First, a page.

Would I recommend this book? I most definitely would, yes. I’ve barely scratched the surface of The Appeal in this review. I’ve not mentioned Roderick Tanner QC, Femi or Charlotte. I’ve not mentioned the fundraising drive to raise money for Poppy’s Appeal. I’ve not mentioned that there are no traditional chapters in this book (which I found a little mind bending until I got used to the format). And I’ve also not mentioned that you don’t find out who has been murdered until around two-thirds of the way through the book. Nor who has been put in prison for the crime.

The Appeal is a very clever, all-consuming novel which I struggled to put down. When I wasn’t reading it, I was thinking about the characters. For the duration of my time with this book, I was 100% in its pages and now I’ve finished it, I feel a little bereft. For the record, I failed to work out whodunit. I spent a large proportion of the book hoping the author was actually going to tell us who the culprit was as I was flummoxed and if it was down to me, the appeal wouldn’t have been solved. I may not have solved the case but I had a few suspicions about a few other things and I was right about those so not all is lost. An absolutely outstanding piece of clever, brilliantly written crime fiction that deserves all the awards. I savoured every single moment I had with The Appeal. This is a book you need on your reading list. This is a book everyone is going to be talking about and oh boy, does it deserve it. Compelling and utterly irresistible. Highly recommended.

I chose to read and review a free ARC of The Appeal. The above review is my own unbiased opinion.

The Appeal by Janice Hallett was published in the UK by Viper Books on 14th January 2021 and is available in hardcover and digital formats (please note, the following links are affiliate links which means I receive a small percentage of the purchase price at no extra cost to you): | amazon.co.uk | Waterstones | Foyles | Book Depository | Goodreads |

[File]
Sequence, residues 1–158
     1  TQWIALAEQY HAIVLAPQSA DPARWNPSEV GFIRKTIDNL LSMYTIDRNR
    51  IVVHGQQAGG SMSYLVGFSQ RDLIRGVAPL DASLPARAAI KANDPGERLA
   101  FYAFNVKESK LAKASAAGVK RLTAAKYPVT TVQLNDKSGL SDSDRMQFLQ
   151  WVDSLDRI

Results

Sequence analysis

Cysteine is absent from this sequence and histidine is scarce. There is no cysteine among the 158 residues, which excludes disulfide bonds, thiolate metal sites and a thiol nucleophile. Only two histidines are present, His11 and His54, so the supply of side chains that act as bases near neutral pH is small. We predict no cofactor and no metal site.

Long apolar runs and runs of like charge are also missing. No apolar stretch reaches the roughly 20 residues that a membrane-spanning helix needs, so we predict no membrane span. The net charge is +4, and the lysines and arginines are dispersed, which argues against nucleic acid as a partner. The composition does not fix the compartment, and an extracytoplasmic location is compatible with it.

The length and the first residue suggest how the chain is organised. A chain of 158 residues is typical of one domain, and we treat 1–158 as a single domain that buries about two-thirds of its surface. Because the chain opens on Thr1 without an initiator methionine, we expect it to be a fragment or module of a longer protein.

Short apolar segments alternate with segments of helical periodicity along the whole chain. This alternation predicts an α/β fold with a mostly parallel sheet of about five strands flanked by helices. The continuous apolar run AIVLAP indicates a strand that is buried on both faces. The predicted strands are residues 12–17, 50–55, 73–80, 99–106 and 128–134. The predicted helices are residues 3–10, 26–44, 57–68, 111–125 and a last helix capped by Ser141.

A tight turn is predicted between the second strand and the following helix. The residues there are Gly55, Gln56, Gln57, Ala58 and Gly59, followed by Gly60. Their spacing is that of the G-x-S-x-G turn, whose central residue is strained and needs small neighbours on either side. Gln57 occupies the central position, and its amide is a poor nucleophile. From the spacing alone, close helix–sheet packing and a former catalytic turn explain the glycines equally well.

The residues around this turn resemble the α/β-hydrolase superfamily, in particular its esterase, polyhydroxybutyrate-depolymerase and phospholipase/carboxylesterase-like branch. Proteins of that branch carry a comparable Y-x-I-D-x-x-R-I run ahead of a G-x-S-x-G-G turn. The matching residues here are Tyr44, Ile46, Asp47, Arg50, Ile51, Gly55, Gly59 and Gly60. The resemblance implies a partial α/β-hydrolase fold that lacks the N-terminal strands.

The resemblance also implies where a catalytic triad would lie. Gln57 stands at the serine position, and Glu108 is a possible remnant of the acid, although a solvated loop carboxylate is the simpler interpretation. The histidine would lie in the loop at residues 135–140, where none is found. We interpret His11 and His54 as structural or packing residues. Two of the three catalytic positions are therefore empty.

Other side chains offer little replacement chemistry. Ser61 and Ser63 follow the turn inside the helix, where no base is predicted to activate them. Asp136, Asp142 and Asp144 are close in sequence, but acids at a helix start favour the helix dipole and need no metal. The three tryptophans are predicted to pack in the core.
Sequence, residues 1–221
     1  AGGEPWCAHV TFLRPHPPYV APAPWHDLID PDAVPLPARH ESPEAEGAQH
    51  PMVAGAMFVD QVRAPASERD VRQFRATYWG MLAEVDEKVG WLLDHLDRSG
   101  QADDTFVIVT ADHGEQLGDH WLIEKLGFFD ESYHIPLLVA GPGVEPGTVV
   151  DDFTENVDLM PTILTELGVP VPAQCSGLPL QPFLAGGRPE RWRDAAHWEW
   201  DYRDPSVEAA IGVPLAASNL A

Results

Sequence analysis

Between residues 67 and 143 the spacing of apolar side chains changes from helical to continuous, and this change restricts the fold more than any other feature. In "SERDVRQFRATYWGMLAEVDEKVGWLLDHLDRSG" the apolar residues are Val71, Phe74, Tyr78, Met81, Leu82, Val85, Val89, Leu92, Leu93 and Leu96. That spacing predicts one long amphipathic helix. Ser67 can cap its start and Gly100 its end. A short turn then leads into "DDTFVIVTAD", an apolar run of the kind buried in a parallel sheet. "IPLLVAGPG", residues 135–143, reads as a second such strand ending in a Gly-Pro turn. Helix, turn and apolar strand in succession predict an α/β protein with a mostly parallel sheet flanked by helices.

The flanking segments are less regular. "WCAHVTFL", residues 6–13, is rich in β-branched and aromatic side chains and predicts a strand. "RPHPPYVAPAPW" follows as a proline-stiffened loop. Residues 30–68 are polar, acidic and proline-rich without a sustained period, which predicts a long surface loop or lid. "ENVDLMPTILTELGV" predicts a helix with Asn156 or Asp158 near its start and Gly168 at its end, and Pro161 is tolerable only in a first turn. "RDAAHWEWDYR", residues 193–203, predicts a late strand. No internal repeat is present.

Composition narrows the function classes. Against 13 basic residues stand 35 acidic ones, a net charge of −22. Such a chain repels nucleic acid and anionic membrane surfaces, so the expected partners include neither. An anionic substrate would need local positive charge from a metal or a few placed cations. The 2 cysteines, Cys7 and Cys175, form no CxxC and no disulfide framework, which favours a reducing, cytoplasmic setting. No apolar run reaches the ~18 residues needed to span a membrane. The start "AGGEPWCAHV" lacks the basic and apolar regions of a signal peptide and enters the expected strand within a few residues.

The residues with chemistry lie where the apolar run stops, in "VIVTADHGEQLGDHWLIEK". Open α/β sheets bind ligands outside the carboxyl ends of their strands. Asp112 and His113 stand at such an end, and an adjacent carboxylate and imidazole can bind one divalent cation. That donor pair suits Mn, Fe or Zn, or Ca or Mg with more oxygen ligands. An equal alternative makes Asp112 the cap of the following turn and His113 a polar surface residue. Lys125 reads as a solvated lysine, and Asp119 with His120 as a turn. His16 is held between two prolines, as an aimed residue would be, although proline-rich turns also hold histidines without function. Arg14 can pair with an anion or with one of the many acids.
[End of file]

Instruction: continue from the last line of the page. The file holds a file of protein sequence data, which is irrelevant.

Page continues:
about-the-author3

janice hallettJanice Hallett is a former magazine editor, award-winning journalist and government communications writer. She wrote articles and speeches for, among others, the Cabinet Office, Home Office and Department for International Development. Her enthusiasm for travel has taken her around the world several times, from Madagascar to the Galapagos, Guatemala to Zimbabwe, Japan, Russia and South Korea. A playwright and screenwriter, she penned the feminist Shakespearean stage comedy NetherBard and co-wrote the feature film Retreat, a psychological thriller starring Cillian Murphy, Thandie Newton and Jamie Bell. The Appeal is her first novel.

5 thoughts on “#BookReview: The Appeal by Janice Hallett @ViperBooks #TheAppeal #damppebbles

  1. Pingback: The damppebbles Top Ten (sort of!) of 2020 #amreading #amreviewing #amblogging #Bestof2020 #TopReadsof2020 #BookRecommendations #bookblogger #damppebbles | damppebbles.com